Syllabus: Introduction To Philosophy
Phil 101 - Fall 2010 - Dr. Keith A. Korcz
How To Reach Professor Keith Korcz:
My office is in H. L. Griffin Hall, rm. 563. My office hours are MW 2:15-5:00, and M-F 12:00-1:00. We can also meet at other times by arrangement - just ask. My office phone no. is 482-6806. You can also contact me (or ask questions) by e-mail at firstname.lastname@example.org.
1. Create: Introduction to Philosophy, (New York, NY: McGraw-Hill, 2010), (containing selections from Theodore Schick, Jr. and Lewis Vaughn, Doing Philosophy, Fourth Ed., (New York, NY: McGraw-Hill, 2010)).
2. Rene Descartes, Discourse On Method and Meditations On First Philosophy, Fourth Edition, tr. by Donald Cress (Indianapolis, IN: Hackett Publishing Co., 1998).
There will be two exams during the semester, each worth 20% of your course grade and a cumulative final exam worth 30% of your course grade. The in-class exams will consist primarily of short answer and multiple choice questions. However, all make-up exams will be primarily essay. The exams will cover both lectures and assigned readings (material in lectures and assigned readings will not always overlap). All exams are closed book/closed note.
The paper will be done in successive drafts, the first draft being worth 10% of your course grade and the final draft being worth 20% of your course grade. The paper must be approx. 6-8 pages in length, and will be described in more detail on a separate handout.
The course grades will initially be determined according to the standard scale, i.e., 90-100% = A, 80-89% = B, 70-79% = C, 60-69% = D, 59% and below = F, and then may be modified as follows: Course grades might be curved, but, if so, the curve would not be such that any student's grade is lowered. Such factors as improvement over the length of the course, class participation, attendance, etc., may be taken into consideration, especially where doing so may improve a borderline grade. You must complete all three exams and both drafts of the paper to receive a passing grade (i.e., a grade other than F, NC or U).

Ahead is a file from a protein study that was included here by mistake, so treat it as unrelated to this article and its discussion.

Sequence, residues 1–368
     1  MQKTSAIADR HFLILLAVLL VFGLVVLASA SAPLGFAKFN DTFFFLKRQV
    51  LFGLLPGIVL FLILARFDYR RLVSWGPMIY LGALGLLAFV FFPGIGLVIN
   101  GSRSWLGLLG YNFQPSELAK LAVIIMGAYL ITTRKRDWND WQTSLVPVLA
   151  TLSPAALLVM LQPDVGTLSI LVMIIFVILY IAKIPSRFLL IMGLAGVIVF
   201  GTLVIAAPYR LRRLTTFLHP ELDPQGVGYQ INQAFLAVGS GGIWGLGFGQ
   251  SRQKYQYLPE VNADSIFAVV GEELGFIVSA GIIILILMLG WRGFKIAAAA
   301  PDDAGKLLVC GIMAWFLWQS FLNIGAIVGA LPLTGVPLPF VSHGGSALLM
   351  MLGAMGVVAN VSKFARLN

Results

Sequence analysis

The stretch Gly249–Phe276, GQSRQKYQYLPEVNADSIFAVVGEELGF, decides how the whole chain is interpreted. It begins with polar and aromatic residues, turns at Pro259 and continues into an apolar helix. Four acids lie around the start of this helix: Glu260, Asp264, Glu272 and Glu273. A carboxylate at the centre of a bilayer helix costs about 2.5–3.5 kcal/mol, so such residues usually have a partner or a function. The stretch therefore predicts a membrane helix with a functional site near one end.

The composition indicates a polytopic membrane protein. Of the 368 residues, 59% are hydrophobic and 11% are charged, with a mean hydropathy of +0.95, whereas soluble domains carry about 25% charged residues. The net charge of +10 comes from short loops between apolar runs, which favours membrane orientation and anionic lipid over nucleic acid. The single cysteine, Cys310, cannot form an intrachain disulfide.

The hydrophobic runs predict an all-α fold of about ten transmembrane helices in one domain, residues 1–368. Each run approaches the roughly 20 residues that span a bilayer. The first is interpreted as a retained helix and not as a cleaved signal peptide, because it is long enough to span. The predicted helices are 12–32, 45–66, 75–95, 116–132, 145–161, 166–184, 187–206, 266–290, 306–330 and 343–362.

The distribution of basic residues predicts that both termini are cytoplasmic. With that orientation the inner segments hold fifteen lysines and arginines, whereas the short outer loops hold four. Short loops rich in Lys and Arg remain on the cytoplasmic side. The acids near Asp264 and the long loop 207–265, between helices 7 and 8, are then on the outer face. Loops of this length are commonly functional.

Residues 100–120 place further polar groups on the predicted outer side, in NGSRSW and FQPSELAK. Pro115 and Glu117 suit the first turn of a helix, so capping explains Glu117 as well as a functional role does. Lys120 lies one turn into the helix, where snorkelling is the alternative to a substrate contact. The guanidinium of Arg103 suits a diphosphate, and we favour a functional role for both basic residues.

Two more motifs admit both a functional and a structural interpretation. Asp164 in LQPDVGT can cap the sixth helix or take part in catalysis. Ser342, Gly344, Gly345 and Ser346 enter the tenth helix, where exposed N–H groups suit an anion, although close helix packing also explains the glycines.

If you miss class, for whatever reason, it is your responsibility to get class notes from another student. If you miss an assignment due date, you must notify me within one week of either the due date of the assignment or the cessation of a medically documented persistent vegetative state in order to make up the assignment. Late assignments can be made up for full credit only if an appropriate excuse, e.g., illness requiring medical attention, participation in certain official university events, etc., is provided. An unexcused late assignment will be dropped 2/3 of a letter grade per day it is late. If you have a disability and require assistance with fulfilling class assignments, don't hesitate to notify the instructor and the Office of Disability Services at 482-5252. Finally, be sure you are familiar with all university policies described in the UL Lafayette Undergraduate Bulletin. All assignments for this class must be completed individually, and any instance of academic dishonesty on any assignment will be sufficient to fail the course.
I strongly recommend taking advantage of the following resources!
My Philosophy 101 Home Page contains links to an on-line syllabus (which contains links to home pages of authors we'll be reading, readings available on-line, etc.), study aids, and other resources you will find helpful. The address is: http://www.ucs.louisiana.edu/~kak7409/101Home.html.
My How To Survive Your First Philosophy Course pages contain useful information about how to write papers, study for exams, read philosophy, take notes, do research in philosophy, etc. The address is: http://www.ucs.louisiana.edu/~kak7409/Survival.html.
My home page contains links to all my course home pages, extensive links pages on philosophy, general research, fun sites, and lots of other information. The address is: http://www.ucs.louisiana.edu/~kak7409.